Brandywine Falls Provincial Park is a beautiful stop in between Squamish and Whistler. It's about 25 minutes north of Squamish, 11k south of Whistler. The hike from the parking lot to the falls is less than a kilometre and on a wide and flat trail. Most people miss the other viewpoint from above the falls, from the train tracks bridge. To find it is easy. As you walk toward the falls from the parking lot you will have to cross train tracks. Standing at the train tracks look to your right and you will see a bridge that the train tracks cross. Walk over to that to see the falls from above. Amazing! Brandywine Falls drop an amazing 66 metres (216 feet) into the chasm far below that the viewing platform extends over. Another trail extends past this viewing area leading to another, quieter area overlooking Daisy Lake. The snowplows make room for cars at the edge of the highway making Brandywine Falls open year round. Alexander Falls is a relatively unknown waterfall less than an hours drive north of Squamish. The falls are very beautiful, impressively huge, and very easily viewable. In fact, you can drive right the nice viewing platform built just before the 2010 Olympics . The falls are just before Whistler Olympic Park in the Callaghan Valley, halfway to Whistler from Squamish. The large parking area and viewing platform are located on the edge of a cliff across the gorge from the falls. Just before the turnoff to Callaghan Lake you will see a sign for Alexander Falls. The Callaghan Valley is a very nice detour on the way to or from Whistler. High Falls Creek is a great hike not only for the beautiful scenery in and around the trail, but the drive to it as well. The often passed by Squamish Valley Road, just of the Sea to Sky Highway, opposite the Alice Lake Provincial Park access road, is wonderful. This glacier carved valley stretches on and on, along the majestic Squamish River as you follow forest service roads 26 kilometres to the trailhead. The High Falls trail is well marked and difficult to moderately challenging. There are some short chain assisted areas to climb and overall the trail is fairly steep. You gain a gruelling 622 metres in less than 4 kilometres. Past the beautiful falls viewpoints the trail leads to a few more cliff viewpoints before ending at the Branch 200 FSR. You can either turn back and retrace the steep trail you came back to your car (8 kilometres roundtrip). Most prefer to walk the forest service road back to the trailhead instead. It is much longer (almost 2 kilometres longer), but it is easy and relaxing and there are some stunning views of the river valley below.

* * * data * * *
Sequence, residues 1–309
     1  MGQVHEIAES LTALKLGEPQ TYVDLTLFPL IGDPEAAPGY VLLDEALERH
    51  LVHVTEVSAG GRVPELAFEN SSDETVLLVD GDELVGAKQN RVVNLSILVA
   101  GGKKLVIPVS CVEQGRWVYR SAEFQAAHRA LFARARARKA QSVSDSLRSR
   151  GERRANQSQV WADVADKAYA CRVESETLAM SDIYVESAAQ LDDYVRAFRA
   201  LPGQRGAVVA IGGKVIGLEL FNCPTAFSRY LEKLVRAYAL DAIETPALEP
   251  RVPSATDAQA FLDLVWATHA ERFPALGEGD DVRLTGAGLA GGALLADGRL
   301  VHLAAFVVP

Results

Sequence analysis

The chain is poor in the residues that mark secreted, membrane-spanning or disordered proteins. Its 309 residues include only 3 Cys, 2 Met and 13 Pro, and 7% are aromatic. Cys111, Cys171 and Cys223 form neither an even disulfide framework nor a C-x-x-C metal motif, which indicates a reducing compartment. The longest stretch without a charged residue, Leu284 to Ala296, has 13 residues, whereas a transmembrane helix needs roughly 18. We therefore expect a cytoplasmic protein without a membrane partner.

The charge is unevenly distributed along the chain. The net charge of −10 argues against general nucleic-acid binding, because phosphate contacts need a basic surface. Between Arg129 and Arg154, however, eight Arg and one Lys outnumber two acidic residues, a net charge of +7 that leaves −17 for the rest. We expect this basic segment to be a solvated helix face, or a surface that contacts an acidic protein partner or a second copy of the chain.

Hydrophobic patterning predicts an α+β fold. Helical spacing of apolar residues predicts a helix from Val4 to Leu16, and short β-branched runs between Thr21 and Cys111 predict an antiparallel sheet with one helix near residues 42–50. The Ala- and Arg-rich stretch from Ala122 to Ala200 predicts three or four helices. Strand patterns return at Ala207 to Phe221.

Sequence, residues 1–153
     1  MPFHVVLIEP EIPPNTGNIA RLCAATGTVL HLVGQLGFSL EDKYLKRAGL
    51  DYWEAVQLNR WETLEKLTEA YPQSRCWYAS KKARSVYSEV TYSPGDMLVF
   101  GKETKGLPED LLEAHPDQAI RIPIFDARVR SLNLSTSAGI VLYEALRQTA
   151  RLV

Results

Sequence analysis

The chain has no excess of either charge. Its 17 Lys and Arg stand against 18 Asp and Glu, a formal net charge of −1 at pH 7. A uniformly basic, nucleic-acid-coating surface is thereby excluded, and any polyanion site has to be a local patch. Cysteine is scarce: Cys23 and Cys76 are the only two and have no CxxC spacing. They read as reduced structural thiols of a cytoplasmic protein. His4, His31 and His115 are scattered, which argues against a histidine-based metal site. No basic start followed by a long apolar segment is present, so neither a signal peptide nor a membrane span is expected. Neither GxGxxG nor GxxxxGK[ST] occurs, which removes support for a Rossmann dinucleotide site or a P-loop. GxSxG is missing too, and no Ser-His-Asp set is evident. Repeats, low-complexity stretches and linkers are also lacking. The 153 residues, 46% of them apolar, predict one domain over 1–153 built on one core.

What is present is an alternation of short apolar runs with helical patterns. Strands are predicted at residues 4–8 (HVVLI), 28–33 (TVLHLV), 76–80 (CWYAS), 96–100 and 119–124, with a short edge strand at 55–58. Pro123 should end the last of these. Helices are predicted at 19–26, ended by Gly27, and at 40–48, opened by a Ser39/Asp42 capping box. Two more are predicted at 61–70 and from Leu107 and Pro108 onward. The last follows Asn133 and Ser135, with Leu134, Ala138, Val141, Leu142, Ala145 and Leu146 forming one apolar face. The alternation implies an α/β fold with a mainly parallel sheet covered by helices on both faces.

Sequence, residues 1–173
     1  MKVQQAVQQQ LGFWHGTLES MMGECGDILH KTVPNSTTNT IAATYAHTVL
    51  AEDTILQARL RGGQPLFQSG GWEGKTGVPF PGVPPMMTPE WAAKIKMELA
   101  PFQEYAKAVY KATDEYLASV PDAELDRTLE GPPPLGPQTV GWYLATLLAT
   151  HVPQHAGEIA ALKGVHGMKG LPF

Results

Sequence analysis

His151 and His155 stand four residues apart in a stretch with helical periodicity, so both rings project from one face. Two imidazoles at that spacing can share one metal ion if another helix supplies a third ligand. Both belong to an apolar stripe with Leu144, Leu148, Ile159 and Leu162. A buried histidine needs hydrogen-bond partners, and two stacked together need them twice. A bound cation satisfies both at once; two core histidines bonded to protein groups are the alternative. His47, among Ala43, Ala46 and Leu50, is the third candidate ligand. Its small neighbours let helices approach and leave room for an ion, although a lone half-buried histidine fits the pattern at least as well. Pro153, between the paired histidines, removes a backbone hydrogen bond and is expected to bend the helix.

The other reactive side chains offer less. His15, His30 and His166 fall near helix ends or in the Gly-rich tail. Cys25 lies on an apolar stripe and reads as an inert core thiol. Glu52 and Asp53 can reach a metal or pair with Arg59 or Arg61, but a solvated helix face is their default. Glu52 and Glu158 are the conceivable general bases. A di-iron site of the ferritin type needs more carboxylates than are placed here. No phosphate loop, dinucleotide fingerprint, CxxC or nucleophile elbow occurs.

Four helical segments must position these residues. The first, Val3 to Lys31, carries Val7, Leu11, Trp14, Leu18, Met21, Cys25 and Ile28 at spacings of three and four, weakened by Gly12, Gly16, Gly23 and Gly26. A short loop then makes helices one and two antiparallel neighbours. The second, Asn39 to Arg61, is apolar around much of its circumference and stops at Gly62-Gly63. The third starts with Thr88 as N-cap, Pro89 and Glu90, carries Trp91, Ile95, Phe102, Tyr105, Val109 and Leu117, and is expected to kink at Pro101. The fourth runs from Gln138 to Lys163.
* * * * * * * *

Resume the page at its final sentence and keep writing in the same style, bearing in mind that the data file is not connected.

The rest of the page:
St Mark's Summit - Squamish Trails Guide August
is a relatively easy way to get hiking deep into the North Shore mountains of Vancouver. Starting this hike at Cypress Mountain Resort means you drive most of the elevation and only have a moderately ascending hike ahead of you. Having said that, you still have another challenging 460 metres in 5.5k to hike, the beautiful forest and frequent Howe Sound views make it seem comparatively quick and easy.
It takes under two hours for the average hiker to reachand the views are fantastic. Not only because of the incredible vantage point over Howe Sound, but the abruptness of . The cliffs below you are frighteningly vertical, making the views fantastically majestic. Also the sheer drop off makes Howe Sound and the speck sized boats seem so surreal. The third and possibly the best feature of the hike is the intricately huge and varied terrain on the summit. You stand and marvel at one viewpoint, then moments later your friend appears at an extraordinarily improbable, and worryingly dangerous rock outcrop a few dozen metres away.